A in a swimsuit showing off her backside that's free from butt acne

Butt Acne Causes & Treatment (The Cheeky Facts)

We're getting to the bottom of buttne — with dermatologist Dr. Pimple Popper.


4 minute read

Truth be told, butt acne can be a real pain in the you-know-what. But it’s not uncommon: according to dermatologist and SLMD Skincare founder Sandra Lee, MD (aka Dr. Pimple Popper) having occasional pimples on your buttocks is part of being human. So what causes butt acne — and how can you tell if that pimple on your posterior is something other than a simple clogged pore? Understanding what’s behind those booty bumps is the key to figuring out the right way to treat and prevent them. Here, we reveal the cheeky facts about butt acne.


What causes butt pimples?

According to Dr. Lee, pimples can pop up pretty much anywhere on your body — including your buttocks. But bumps on your backside aren’t always acne — in fact, it’s more likely that a case of buttne is caused by another common skin condition. Here’s a roundup of the most likely culprits.


Generally regarded as the most common cause of butt pimples, this infection of the hair follicles is characterized by rash-like, superficial red bumps. Folliculitis is typically caused by bacteria, and sometimes yeast (aka fungal acne), which thrives in moist areas. Bumps may be itchy and/or pus-filled.

Ingrown hairs

Especially if you shave or wax your buttocks, hairs can become trapped under the skin and create red, irritated bumps resembling acne. People with more body hair — particularly if it’s curly or coarse — are more prone to getting ingrown hairs. Sometimes, these red bumps contain pus, making them hard to distinguish from acne pimples.

Acne mechanica

The skin on your buttocks is covered with pores, which can get clogged with sebum and dead skin. If C. acnes bacteria moves in and triggers an immune response, it creates a swollen, red pimple. Dr. Lee explains that this area is prone to friction, sweat and moisture that can irritate skin and encourage bacterial growth. When you combine these factors with tight clothing, you’ve got a recipe for what dermatologists call acne mechanica.


Most commonly caused by the common bacteria Staphylococcus aureus, this is a deeper hair follicle infection that’s painful and filled with pus. Sometimes several boils form a larger carbuncle, which can be mistaken for a cyst.

Keratosis pilaris

These tiny, sometimes pink/red/dark bumps are smaller than acne pimples and don’t have a pus-filled white head. Instead, they contain a hard ball of keratin protein. People with dry skin are more prone to KP (which is often called “chicken skin” or “strawberry skin.”) It’s most commonly found on the upper arms, thighs and buttocks.

Dr. Pimple Popper's Booty Bump Picks

Dr. Pimple Popper’s tips to treat & prevent butt acne

In general, says Dr. Lee, occasional pimples on the buttocks — from acne to ingrown hairs and even boils — tend to disappear on their own. To speed healing, you can apply a targeted exfoliating or antibacterial treatment. She suggests first treating recurring buttne at home, since common conditions like acne, ingrown hairs or KP (described above) respond well to over-the-counter products combined with lifestyle modifications.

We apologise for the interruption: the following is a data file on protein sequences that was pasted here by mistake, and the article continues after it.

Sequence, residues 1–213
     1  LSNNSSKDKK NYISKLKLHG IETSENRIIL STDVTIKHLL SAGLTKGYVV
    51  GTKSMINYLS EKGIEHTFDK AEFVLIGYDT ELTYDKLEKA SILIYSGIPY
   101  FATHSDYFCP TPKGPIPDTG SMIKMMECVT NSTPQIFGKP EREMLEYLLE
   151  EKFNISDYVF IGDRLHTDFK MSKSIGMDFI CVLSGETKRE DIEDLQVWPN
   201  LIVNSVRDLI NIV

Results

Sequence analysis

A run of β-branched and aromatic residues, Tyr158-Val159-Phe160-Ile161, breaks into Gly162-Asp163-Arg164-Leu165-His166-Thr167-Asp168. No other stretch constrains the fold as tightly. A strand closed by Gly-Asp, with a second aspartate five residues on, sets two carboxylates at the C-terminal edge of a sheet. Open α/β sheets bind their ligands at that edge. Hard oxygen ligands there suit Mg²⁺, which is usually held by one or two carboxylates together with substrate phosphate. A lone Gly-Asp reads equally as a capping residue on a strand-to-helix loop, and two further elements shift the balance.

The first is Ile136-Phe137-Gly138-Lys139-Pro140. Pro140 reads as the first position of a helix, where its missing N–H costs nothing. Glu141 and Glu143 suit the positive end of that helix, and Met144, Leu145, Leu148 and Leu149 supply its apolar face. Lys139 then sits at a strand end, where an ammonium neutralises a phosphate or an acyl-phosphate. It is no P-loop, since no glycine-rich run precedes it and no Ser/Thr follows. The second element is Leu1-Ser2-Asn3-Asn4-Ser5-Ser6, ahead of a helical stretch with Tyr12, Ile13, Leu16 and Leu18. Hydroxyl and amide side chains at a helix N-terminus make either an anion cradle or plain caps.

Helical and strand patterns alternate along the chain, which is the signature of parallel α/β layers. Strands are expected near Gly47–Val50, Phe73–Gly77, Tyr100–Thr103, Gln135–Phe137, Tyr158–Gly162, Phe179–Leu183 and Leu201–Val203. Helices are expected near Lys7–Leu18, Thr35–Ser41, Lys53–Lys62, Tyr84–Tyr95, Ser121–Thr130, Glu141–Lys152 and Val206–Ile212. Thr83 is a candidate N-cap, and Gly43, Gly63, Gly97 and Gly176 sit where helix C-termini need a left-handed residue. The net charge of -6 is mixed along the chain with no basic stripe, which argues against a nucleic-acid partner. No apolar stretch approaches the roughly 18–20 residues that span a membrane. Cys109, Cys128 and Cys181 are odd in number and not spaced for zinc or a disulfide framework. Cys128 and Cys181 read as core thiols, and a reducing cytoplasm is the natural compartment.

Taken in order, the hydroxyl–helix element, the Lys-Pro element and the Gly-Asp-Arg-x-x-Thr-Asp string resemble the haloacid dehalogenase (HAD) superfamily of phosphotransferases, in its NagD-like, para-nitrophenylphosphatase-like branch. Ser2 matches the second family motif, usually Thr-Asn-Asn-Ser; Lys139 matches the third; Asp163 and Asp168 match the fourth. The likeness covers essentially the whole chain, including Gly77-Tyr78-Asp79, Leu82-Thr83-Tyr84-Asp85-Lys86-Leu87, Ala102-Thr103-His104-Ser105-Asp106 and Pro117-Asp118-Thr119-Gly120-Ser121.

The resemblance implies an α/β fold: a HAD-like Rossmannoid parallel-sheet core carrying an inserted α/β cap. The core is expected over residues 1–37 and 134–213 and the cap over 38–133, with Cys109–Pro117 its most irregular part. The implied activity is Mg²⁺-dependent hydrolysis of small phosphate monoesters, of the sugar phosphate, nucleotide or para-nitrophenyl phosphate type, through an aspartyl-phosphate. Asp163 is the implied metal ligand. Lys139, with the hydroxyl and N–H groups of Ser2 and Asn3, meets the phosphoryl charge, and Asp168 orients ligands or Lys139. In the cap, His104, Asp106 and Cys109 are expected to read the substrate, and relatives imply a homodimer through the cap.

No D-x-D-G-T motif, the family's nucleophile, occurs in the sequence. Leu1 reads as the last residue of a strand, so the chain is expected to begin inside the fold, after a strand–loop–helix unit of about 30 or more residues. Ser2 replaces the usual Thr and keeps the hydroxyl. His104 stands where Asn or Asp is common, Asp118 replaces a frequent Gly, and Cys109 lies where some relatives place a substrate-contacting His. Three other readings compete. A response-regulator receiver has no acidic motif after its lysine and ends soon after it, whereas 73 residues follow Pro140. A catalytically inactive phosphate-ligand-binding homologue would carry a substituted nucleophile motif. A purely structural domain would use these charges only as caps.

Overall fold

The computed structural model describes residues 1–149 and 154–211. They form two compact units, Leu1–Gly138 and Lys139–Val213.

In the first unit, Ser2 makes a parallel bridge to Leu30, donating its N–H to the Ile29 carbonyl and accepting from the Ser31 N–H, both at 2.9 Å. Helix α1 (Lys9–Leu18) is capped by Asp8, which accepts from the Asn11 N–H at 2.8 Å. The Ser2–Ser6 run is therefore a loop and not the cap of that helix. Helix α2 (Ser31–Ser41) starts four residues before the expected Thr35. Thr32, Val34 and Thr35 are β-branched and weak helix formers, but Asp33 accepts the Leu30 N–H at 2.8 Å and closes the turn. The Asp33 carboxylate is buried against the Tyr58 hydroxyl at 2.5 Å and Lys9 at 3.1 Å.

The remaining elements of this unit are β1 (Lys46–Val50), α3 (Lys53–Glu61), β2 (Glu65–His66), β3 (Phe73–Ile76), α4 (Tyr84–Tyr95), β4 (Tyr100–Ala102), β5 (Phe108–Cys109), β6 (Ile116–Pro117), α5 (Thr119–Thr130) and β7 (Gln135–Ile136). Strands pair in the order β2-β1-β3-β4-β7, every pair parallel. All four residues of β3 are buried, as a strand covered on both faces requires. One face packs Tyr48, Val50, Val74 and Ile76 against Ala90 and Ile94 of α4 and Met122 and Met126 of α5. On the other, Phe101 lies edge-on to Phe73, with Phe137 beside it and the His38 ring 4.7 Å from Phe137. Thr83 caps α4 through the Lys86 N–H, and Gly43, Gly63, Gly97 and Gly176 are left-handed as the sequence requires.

#1 Loosen up

Tight clothing, synthetic fabrics, or even sitting for extended periods can create friction on the buttocks, irritating the skin and leading to butt pimples. Opt for breathable, loose-fitting clothing (and undergarments!) whenever possible.

#2 Keep it clean

Inadequate cleansing, not showering after workouts, or using harsh soaps can disrupt the skin's natural balance and contribute to acne and other bumps on the buttocks. Shower daily (especially after sweating) with a benzoyl peroxide body wash and spritz on an acne treatment spray — also great in a pinch if you can’t rinse off right away.

Try: SLMD BP Body WashSalicylic Acid Body Spray — value-bundled as the Body Acne System

#3 Be gentle

Exfoliating has many benefits — but it’s important to find the sweet spot for your skin. Finding the right product and frequency can combat butt pimples caused by acne, KP, and ingrown hairs. But over-exfoliating can compromise the skin barrier and create more rump bumps. Listen to your skin, look for signs of irritation, and avoid shaving over active breakouts so you don’t spread bacteria.

Try: SLMD Glycolic Acid Body Scrub, AHA/BHA Swipes

#4 Check your ingredients

Choose personal care products like lotions that don’t have synthetic fragrance or pore-clogging ingredients that could lead to occlusion. Pimples caused by acne or ingrown hairs (red and inflamed, with or without a white center), respond well to antibacterial benzoyl peroxide. Bumps from KP (small, rough without a “head”) are best managed with exfoliating glycolic acid and moisturizer.

Try: SLMD Body Acne System, Body Smoothing System

#5 Hands off

This should go without saying, but please don’t pick your buttne. It can make a pimple worse, and create a scar. Instead, apply a spot treatment, like an acne patch or a cream followed by an adhesive bandage, if your pimple is painful.

Try: SLMD Salicylic Acid Pimple Patches, BP Acne Spot Treatment

When to see a doctor for butt pimples

If you’ve tried treating your butt bumps at home and your condition hasn’t resolved, it’s best to see your dermatologist, says Dr. Lee. Your doctor can determine whether or not your booty pimples require prescription treatment.

Dr Sandra Lee

Dr. Lee's Last Word

Bumps on the buttocks are really common, because you have heat, moisture, friction — plus tight clothing that can occlude the skin. It could be acne, but it could also be folliculitis caused by bacteria or fungus — even just shaving or waxing. My advice is to treat the area with chemical exfoliants and benzoyl peroxide and if it doesn’t improve, talk to your dermatologist.


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